In addition:

“The Food and Drug Administration (FDA) estimates more than US$5 billion are spent annually on medical treatment, damage, and control in RIFA-infested areas. Further, the ants cause about US$750 million in damage to agricultural assets, including veterinary bills and livestock loss, as well as crop loss.”

All this information (are you suffering from information overload yet?) spiked my interest in this pest. Fire ants have personally produced pustules on my body.

ant bite pustule
pustule from the bite of a red fire ant

When I asked my friend if he could get me some fire ants to cast into a pen for him, he quickly produced approximately 30,000 dead fire ants for me to experiment with. Don’t ask me how he knew there were 30,000 of the little buggers. I think he knows what a typical fire ant weighs and worked it out from there. He dried half the sample and dried and de-fatted the other sample. He thought the de-fatted ants might cast better in the acrylic. These ants are not very big, each 0.08-0.2 inches in size, so the bag of ants he had given me looked a lot like a bag of dirt!

I contacted Zac Higgins at NV Woodwerks to get some advice on how I might cast these into a pen blank. Zac seemed to think that I would have the most success gluing the ants to the brass pen tubes prior to casting. Seemed like a good approach.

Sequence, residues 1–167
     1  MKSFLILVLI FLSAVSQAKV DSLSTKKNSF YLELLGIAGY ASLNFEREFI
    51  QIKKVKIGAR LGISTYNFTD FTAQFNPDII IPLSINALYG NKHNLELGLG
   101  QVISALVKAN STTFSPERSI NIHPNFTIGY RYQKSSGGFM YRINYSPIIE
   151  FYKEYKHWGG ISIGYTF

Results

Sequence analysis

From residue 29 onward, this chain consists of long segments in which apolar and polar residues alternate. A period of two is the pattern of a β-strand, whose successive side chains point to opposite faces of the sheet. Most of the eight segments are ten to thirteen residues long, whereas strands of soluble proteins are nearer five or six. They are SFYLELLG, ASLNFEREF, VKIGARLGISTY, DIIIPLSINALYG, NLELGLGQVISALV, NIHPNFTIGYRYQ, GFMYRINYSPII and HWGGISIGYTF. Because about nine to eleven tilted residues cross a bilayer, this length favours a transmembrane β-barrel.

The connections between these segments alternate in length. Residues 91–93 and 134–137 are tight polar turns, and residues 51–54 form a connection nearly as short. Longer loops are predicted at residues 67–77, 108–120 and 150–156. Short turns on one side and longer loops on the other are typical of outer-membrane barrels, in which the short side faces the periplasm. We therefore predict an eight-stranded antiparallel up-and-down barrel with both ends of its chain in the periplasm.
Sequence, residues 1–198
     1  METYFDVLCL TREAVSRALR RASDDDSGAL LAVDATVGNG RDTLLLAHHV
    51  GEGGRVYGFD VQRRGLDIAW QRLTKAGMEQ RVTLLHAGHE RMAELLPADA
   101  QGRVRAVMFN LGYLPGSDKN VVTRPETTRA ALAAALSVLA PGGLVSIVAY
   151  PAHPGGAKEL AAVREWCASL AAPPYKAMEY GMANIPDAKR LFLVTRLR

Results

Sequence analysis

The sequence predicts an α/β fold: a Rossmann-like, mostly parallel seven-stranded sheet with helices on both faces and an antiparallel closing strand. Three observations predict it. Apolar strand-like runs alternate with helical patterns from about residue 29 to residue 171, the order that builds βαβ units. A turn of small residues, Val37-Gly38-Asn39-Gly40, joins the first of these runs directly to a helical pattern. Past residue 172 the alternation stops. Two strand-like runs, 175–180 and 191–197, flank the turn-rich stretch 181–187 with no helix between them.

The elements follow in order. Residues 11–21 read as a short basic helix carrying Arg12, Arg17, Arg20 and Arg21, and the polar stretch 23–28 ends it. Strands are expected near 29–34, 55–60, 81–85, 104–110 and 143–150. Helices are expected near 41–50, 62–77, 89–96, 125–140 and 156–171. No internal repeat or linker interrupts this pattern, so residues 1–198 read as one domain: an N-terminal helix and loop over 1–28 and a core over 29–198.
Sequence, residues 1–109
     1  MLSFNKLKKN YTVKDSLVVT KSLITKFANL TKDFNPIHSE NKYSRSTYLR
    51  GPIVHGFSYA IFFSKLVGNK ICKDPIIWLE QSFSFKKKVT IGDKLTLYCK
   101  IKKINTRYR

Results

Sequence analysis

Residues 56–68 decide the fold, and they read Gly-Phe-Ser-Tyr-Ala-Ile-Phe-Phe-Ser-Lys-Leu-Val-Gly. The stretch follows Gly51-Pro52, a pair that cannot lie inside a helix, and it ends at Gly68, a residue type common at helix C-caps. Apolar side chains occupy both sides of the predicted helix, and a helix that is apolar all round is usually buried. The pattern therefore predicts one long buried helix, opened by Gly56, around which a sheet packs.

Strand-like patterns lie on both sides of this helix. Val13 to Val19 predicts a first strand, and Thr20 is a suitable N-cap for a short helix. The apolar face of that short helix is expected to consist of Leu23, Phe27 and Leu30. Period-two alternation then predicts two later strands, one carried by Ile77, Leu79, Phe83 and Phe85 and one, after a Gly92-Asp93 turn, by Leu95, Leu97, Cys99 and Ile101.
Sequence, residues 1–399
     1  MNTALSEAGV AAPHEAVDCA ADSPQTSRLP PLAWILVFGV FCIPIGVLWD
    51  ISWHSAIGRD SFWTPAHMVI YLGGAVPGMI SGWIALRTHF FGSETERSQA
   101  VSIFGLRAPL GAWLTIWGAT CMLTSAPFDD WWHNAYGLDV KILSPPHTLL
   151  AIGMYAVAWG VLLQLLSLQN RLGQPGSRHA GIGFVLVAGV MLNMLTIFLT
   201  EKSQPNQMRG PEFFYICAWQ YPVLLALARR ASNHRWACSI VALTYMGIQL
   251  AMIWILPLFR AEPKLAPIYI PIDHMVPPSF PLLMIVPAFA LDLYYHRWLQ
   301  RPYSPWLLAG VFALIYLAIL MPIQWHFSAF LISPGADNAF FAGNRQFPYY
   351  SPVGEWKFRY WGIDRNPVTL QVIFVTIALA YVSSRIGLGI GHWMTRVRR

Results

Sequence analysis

I roughed up the two brass tubes in a slim line pen kit using sandpaper and then painted them with black lacquer paint. Then I coated the tubes with thick CA glue and rolled them through a pile of the dried, de-fatted fire ants. I applied additional coats of thin CA glue to try to stabilize the coating of fire ants. The two coated tubes were then installed in a silicone Resin-Saver mold for this type pen blank. Alumilite Parts A and B were weighed out in equal weights (or so I thought), mixed thoroughly and poured into the mold. BUT…I had not weighed out the parts accurately and had more A than B. This resulted in the mixture turning white. I went ahead and turned the blanks on the lathe, hoping that when I got down close to the ant layer all would be well. The resulting pen is shown below.

fire ant pen #1
first fire ant pen from Slimline kit

This shows the making of the pen, from our You-tube channel:

So I decided to try another method. This time I mixed the ants with the resin mix. Painted the brass tubes black and installed the painted tubes in the mold, then poured in the ant-resin mixture. This time the mix was correct and the resin cured as a clear acrylic. I temporarily forgot that these ants float! So that is what a bunch of them did. This resulted in pustules that were sheared off during the turning as you can see in the photo of the finished pen below.

fire ant pen #2
second fire ant pen from Roadster kit

Sanford was happy with both pens, but I want to try again. I will revisit the method of gluing the ants on the tubes with a proper resin mix. More on this later…. After Christmas!!